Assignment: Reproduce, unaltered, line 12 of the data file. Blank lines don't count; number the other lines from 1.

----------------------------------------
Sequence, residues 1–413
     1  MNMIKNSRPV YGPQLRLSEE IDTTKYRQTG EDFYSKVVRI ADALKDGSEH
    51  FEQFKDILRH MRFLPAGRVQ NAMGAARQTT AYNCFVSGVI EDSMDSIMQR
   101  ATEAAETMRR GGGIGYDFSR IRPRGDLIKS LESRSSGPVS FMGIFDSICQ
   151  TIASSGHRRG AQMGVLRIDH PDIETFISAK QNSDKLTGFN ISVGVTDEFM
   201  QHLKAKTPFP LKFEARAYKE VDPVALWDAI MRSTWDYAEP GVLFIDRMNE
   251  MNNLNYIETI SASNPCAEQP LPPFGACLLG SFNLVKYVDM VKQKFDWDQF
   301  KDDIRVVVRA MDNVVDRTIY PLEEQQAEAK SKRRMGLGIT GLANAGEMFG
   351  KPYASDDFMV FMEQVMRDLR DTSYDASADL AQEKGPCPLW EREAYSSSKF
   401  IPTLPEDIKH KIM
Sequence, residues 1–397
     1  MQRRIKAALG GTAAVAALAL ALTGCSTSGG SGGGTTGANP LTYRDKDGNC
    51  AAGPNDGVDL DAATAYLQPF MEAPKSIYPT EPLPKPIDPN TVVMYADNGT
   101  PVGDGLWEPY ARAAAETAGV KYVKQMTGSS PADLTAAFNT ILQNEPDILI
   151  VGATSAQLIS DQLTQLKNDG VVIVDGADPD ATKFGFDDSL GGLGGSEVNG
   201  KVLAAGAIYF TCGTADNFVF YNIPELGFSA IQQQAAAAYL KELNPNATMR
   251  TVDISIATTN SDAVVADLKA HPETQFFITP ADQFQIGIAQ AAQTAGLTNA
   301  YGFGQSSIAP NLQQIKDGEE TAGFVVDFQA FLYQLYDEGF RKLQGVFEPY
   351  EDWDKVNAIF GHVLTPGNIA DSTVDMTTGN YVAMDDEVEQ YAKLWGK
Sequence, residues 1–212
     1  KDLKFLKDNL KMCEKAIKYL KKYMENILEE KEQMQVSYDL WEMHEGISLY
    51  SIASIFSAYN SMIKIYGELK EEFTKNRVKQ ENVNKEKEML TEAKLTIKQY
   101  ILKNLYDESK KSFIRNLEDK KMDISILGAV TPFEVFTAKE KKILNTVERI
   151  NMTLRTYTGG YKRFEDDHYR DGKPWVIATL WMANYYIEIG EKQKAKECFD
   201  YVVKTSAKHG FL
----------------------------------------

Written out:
     1  MQRRIKAALG GTAAVAALAL ALTGCSTSGG SGGGTTGANP LTYRDKDGNC